On this Independence Day, don't let anyone tell you what it means to be an American.
Don't let whoever can shout the loudest define who is and is not a Real American. Ronald Reagan and Audie Murphy were Americans. So were Sandra Bland and Mother Jones and Fred Hampton and Eugene Debs and Paul Robeson.
Don't let other people use their total ignorance of history to invent an America that never was and then insist that we must return to it – an America devoid of slavery, inequality, Indian genocide, gender discrimination, and white supremacy.
Don't let anyone rewrite American history as an unbroken tableau of pure Rugged Individualism devoid of collective action, community, public goods, and the role of central government.
Don't feel ashamed to assert the difference between patriotism and jingoism just because the people around you think they are one and the same.
Don't forget that Mel Gibson or Chuck Norris or John Wayne war films are not documentaries. They are idealized fantasy versions of what in reality were struggles that required monumental collective sacrifice and effort to achieve success.
Don't let anyone forget that this country has, for more than 300 years, become home to people of every language, skin color, religion, nation of origin, and ethnicity. Rarely have we succeeded in welcoming all of these people with open arms, but we have the opportunity to learn from those mistakes and recognize how much better we are for it.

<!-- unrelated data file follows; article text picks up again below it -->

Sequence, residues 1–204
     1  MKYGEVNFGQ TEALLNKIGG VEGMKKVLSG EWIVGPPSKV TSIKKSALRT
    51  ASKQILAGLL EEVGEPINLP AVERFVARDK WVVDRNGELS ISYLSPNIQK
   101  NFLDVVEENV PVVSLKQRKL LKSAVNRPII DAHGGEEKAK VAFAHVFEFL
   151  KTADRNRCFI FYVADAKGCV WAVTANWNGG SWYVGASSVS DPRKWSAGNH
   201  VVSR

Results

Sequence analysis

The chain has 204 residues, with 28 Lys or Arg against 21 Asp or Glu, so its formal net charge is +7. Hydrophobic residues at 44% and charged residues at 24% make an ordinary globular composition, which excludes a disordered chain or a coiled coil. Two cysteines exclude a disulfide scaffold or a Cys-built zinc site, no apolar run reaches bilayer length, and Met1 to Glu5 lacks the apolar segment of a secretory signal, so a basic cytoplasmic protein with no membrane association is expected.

Don't support the fallacy that America has buried all of its problems in the past; that, OK, maybe a few people used to be racist but now we elected a black president so racism is over; that the drum beat of war hawks may have led us astray a few times, but this time is different; that we used to discriminate against women but stopped, and we used to treat poor people badly but now we don't, and that unfettered Robber Baron capitalism brought us to ruin once but this time just you watch and see the magic.
Don't let anyone convince you that it's OK to vilify other Americans to justify one's own failures. The poor did not steal your money. The Mexicans did not steal your job. Nobody is coming for Your Women or your guns or your Bibles.
Don't be silent when people voice support for denying rights to other Americans that they demand for themselves.
Don't let descriptions of the Good Ol' Days go unchallenged, without pointing out how many people had to be oppressed and discriminated against to allow white middle class America to enjoy the post-War prosperity to the extent that it did.
Don't listen to rants about The Young People These Days without recognizing how many advantages our predecessors had that young people today do not and never will have.
Don't be swayed by symbolism and empty emotional appeals. Think about what being an American means rather than shouting bumper sticker slogans.
Don't forget to remember all that we do have without forgetting all of the ways in which we can do better.
And, most importantly, no matter how much as it seems like a good idea to light a firework while it's in your hand, trust me on this one. It isn't a good idea.